“The Big Life” at Stratford East Theatre Royal

Mark Shenton in east London
24 February 2024

When the original 2004 production of The Big Life transferred from the Theatre Royal Stratford East to the West End’s Apollo Theatre the following year, its director Clint Dyer became the first black British director to direct an original British musical in the West End. As he told me in an interview at the time, “The wonderful thing about being black in this country is that you have an amazing opportunity to be the first at a lot of things.”


Leanne Henlon, Karl Queensborough and Gabrielle Brooks.
Photo credit: Mark Senior.


Nearly 20 years later, times have changed radically; Dyer, who is currently deputy artistic director at the National Theatre, is now one of the few people ever to have acted, directed, or written plays on each of that building’s stages. But if definite progress has been made, this warm and welcoming revival of The Big Life, now directed by Tinuke Craig, at its original East End home, is a reminder of how hard-won that trajectory has been.

As the song in Hamilton, this century’s most iconic musical so far, has it, “immigrants – we get the job done!” First brought from the Caribbean in 1948 aboard the Windrush to help rebuild a post-war Britain, these immigrants did just that – but also suffered casual racism and rejection from their hosts, culminating in the national scandal of Theresa May’s “hostile environment” to immigrants from abroad, with many threatened with deportation when they could not produce proof of their eligibility to live in Britain, despite a near lifetime of being resident here.

Tameka Empson, who co-wrote the book with Paul Sirett and reprises her original Olivier-nominated turn as Mrs Aphrodite, comments heartfeltedly on this in her occasional narration from the stage side boxes, amongst more witty interjections, as she offers a running comic commentary on the action.

But though the show rightly acknowledges the hardships and injustices they met among the way, most poignantly and powerfully in a bitter scene where one of the arrivals tries to get an appointment with a university professor who had told him to contact him, the tone of the show is mostly celebratory, not earnest.


Khalid Daley and Danny Bailey.
Photo credit: Mark Senior.


It smartly adopts – and cleverly adapts – the Shakespearean plot of Love’s Labour’s Lost to set in motion a comic caper in which four male arrivals make a pact to eschew the company of women for three years while they seek to make their way in their new home. Of course their struggle of enforced celibacy isn’t going to be easy to maintain, but it gives the songs (music by Paul Joseph, lyrics by Paul Sirett, the latter of whom also co-wrote the book) plenty of narrative twists to play with.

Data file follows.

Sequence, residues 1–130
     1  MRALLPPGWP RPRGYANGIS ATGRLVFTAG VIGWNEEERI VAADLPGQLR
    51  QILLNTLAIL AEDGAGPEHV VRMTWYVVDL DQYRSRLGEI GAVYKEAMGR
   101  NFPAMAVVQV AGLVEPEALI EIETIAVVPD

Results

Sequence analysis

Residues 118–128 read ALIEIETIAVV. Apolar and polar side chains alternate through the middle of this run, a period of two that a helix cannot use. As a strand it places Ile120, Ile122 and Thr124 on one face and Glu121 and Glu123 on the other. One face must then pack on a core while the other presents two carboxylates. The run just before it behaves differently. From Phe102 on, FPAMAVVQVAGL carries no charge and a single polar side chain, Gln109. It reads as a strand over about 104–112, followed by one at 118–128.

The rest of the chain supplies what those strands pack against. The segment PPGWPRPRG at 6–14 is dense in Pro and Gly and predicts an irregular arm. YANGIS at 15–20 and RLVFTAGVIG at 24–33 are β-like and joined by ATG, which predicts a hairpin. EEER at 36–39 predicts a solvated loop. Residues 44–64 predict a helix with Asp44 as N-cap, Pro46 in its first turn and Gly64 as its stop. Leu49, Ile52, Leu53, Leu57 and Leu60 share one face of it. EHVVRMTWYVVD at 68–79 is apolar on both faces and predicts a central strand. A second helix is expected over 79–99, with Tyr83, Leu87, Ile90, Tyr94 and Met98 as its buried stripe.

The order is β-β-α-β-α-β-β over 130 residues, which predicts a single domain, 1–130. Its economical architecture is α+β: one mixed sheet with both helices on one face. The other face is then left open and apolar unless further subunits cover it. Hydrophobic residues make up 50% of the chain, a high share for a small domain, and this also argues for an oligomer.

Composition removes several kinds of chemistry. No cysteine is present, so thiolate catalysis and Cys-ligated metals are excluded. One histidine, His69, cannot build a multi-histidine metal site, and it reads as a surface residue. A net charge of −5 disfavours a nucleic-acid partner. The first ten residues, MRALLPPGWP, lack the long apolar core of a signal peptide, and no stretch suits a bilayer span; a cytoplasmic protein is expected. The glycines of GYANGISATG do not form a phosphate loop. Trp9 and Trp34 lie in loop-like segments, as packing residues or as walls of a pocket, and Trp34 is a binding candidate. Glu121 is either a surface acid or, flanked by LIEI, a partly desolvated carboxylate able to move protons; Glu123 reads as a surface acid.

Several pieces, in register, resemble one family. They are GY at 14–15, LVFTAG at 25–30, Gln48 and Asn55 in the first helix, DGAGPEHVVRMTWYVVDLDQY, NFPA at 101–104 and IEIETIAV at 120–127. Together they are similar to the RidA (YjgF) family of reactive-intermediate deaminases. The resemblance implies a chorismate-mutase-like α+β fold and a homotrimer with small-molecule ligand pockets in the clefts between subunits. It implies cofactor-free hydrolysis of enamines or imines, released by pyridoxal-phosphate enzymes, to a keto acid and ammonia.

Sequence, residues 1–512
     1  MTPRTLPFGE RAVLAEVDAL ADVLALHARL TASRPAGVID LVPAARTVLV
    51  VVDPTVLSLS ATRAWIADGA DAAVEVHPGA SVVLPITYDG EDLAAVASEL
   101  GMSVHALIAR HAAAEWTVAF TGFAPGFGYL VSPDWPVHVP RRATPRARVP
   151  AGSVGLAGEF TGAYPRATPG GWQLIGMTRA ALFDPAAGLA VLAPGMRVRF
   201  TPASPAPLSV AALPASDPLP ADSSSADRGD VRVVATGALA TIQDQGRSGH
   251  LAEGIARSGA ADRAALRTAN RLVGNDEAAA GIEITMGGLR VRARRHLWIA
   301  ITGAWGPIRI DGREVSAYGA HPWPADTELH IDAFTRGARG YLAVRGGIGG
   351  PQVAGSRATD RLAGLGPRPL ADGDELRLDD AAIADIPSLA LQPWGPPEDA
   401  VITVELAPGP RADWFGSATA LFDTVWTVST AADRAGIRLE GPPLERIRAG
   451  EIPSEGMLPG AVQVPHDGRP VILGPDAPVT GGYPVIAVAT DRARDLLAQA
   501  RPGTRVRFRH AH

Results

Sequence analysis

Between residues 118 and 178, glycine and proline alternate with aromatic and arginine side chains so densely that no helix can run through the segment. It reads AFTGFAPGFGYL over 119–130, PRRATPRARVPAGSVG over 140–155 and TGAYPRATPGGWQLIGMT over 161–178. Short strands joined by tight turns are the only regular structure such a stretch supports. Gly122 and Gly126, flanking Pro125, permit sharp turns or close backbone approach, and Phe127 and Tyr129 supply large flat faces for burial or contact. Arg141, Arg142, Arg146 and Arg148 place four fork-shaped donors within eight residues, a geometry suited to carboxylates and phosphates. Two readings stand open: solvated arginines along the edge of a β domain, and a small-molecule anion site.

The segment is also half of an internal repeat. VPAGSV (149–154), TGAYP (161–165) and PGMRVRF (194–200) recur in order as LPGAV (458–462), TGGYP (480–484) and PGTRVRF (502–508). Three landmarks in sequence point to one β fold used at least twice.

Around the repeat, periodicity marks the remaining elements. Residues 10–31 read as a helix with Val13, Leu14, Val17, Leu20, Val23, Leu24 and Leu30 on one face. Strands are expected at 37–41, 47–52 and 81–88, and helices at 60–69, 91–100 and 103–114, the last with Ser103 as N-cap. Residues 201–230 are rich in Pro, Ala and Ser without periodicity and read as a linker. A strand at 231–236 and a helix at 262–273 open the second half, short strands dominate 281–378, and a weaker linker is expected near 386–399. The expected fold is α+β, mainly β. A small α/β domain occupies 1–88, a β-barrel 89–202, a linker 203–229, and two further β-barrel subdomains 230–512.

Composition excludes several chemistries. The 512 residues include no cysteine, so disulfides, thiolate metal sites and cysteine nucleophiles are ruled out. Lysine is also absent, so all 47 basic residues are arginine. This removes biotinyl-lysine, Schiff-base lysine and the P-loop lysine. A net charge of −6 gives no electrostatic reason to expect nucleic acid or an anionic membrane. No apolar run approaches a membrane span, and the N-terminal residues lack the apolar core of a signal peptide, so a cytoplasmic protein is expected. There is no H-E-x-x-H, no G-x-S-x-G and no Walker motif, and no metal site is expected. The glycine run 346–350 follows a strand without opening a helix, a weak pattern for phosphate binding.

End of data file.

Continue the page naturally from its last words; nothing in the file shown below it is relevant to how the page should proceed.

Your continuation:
And Joseph’s eclectic and electrifying music – full of West Indian flavours – stretches from calypso and ska to traditional ballads and anthemic declarations. A punchy seven-piece onstage band led by musical director Ian Oakley, who also arranged and orchestrated the music, accompanies over 20 tremendous songs, staged with immense vivacity and wit by choreographer Ingrid Mackinnon.

Just as Guys and Dolls (currently revived at the Bridge Theatre) brings a teaming Times Square to life, The Big Life puts Piccadilly Circus centre stage, which designer Jasmine Swan summons with a black and white painted flat, foregrounded by a model of Eros that takes human form too (Danny Bailey).

A vibrant ensemble cast brings the entire show to pulsating, energetic life, led by Gabrielle Brooks, Rachel John, Leanne Henlon, and Juliet Agnes as the women, and Nathanael Campbell, Khalid Daley, Karl Queensborough, and Ashley Samuels as their suitors.

It’s also worth taking a moment to reflect on the immense contributions of two men, who both died in the last six months, to the story of this show: the theatre’s former long-time artistic director Philip Hedley, who nurtured the original director Clint Dyer’s talents from when he first joined the youth theatre there, and shepherded the show to the stage; and Bill Kenwright, who produced the transfer. This show would not exist without them.